"Had I not opened that email, I strongly believe that I wouldn't be alive today nor would I have received the answers to all the questions I had about my father," Leabo said. "That email made me whole."
Leabo bought a plane ticket for Meidl, who flew to Florida. During her visit, he received answers to questions that he had essentially buried within himself and thought would never be answered.
"Up to that moment, it was as if a piece of me was missing," he said.
At that time, the farm was called Leabo's Orchard and Family Farm, where they were still struggling to grow peaches, as well as corn and pumpkins, while raising chickens, ducks, turkeys and bees.
Leabo went to Fort Hunter Liggett, California, for his annual reserve training, and Miedl ferried him from the airport to the fort. On the ride, Leabo saw a field of purple flowers, which Miedl identified as lavender. She suggested he try growing that instead of the crops he was focusing on.
Online research revealed an 8-acre lavender farm could routinely earn more than $1 million dollars in revenue annually; lavender was cited as the top alternative cash crop for small farmers.
"That number really hit me because the military only paid me about $150,000 during the entire time I served on active duty," Leabo said.
More research followed. Leabo learned that lavender thrives in poor soil, doesn't require a lot of water and doesn't have many pests. It's rabbit resistant, deer resistant and fungus resistant. After "arguing and debating" with his wife, they spent about $6,000 and began planting 1,240 Lavender "Phenomenal" plants on 1/4 acre.
"In all fairness, my wife had every reason to doubt me, especially after our struggles and failures with the other crops," he said.
Then came Hurricane Michael.
To take the optimistic view, Hurricane Michael gave the Leabo family what amounted to a fresh start — because they lost everything except for their home and their lavender. All the outbuildings, chicken coops, peaches, corn, pumpkins — everything else was gone.
"It was as if God said, 'Nope, you can keep this but all this other stuff has to go,'" Leabo said. However, he added, "When Hurricane Michael took everything from me except my family, my home and my lavender, I knew exactly what tools I needed to rebuild everything thanks to the training I received at The Home Depot."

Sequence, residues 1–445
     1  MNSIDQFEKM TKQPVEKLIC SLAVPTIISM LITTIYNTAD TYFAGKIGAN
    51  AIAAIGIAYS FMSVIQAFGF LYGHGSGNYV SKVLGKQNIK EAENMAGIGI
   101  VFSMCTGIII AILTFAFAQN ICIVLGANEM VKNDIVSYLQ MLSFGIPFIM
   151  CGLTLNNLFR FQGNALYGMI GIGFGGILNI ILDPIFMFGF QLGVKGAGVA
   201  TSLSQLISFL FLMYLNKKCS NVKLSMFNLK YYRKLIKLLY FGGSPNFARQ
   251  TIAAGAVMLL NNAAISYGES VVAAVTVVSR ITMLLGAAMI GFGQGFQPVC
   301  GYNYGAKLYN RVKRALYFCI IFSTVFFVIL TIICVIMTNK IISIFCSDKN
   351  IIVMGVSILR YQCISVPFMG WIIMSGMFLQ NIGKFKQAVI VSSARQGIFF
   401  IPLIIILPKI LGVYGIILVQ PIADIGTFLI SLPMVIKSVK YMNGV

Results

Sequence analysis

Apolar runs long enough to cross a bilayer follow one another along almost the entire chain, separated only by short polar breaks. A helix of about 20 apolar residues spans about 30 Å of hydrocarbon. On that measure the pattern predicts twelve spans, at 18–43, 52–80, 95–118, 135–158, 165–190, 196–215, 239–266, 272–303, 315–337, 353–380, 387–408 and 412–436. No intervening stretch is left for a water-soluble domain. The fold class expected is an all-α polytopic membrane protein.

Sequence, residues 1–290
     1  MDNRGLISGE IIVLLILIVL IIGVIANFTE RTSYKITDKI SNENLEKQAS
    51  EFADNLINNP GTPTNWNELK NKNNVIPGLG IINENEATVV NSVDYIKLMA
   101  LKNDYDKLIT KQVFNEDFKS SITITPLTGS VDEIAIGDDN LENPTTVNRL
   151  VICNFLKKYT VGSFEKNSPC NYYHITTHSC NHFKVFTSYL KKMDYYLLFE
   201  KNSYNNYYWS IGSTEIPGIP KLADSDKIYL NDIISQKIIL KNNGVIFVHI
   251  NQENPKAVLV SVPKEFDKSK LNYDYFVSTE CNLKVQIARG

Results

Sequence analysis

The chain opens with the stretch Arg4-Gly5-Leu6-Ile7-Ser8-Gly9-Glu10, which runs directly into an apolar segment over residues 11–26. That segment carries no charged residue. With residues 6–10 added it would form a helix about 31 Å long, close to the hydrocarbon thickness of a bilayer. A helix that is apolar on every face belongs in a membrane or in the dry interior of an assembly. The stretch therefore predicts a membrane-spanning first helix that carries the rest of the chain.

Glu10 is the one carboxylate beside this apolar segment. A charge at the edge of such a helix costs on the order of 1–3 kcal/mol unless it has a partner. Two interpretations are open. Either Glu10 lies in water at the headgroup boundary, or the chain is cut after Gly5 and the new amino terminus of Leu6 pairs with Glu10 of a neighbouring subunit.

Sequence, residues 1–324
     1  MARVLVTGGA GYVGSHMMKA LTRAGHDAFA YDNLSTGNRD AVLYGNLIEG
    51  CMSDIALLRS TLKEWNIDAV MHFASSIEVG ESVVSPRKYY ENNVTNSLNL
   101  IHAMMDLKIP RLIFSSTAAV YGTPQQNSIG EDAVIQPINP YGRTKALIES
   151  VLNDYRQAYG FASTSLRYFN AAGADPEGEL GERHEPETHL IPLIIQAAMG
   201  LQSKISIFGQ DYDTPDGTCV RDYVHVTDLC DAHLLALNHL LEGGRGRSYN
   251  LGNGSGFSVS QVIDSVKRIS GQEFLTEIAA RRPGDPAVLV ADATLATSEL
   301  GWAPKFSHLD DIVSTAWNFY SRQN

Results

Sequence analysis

Like others in the path of the storm, the Leabo family has spent the years after Michael rebuilding.
"It's funny, one day I woke up to find a random shovel (a Truper landscaping shovel) in my front yard. I set it out by the curb for about a month but nobody claimed it, so I started to use it and I swear it's like a magic shovel because everything I use it for ends up looking good or doing well," he said.
Bad advice on fertilizers nearly doomed his new crop, however. Officials even told him no known varieties of lavender are recommended to be grown in Florida.
"One of the most common statements made to me was that you can't grow lavender in Florida, I don't care who you are," Leabo said.
In 2019, one of the hottest summers on record, temperatures reached 109 degrees at the farm, but the lavender plants thrived and the family celebrated their first blooms. However, various "experts" offered more advice on watering and fertilizing that caused terrible damage to the crop.
Leabo said his lavender looked like Charlie Brown's sad Christmas tree.
"I panicked, so I asked them what I should do," he said. "They said it was most likely a disease and to trim or cut the plant back. So I did."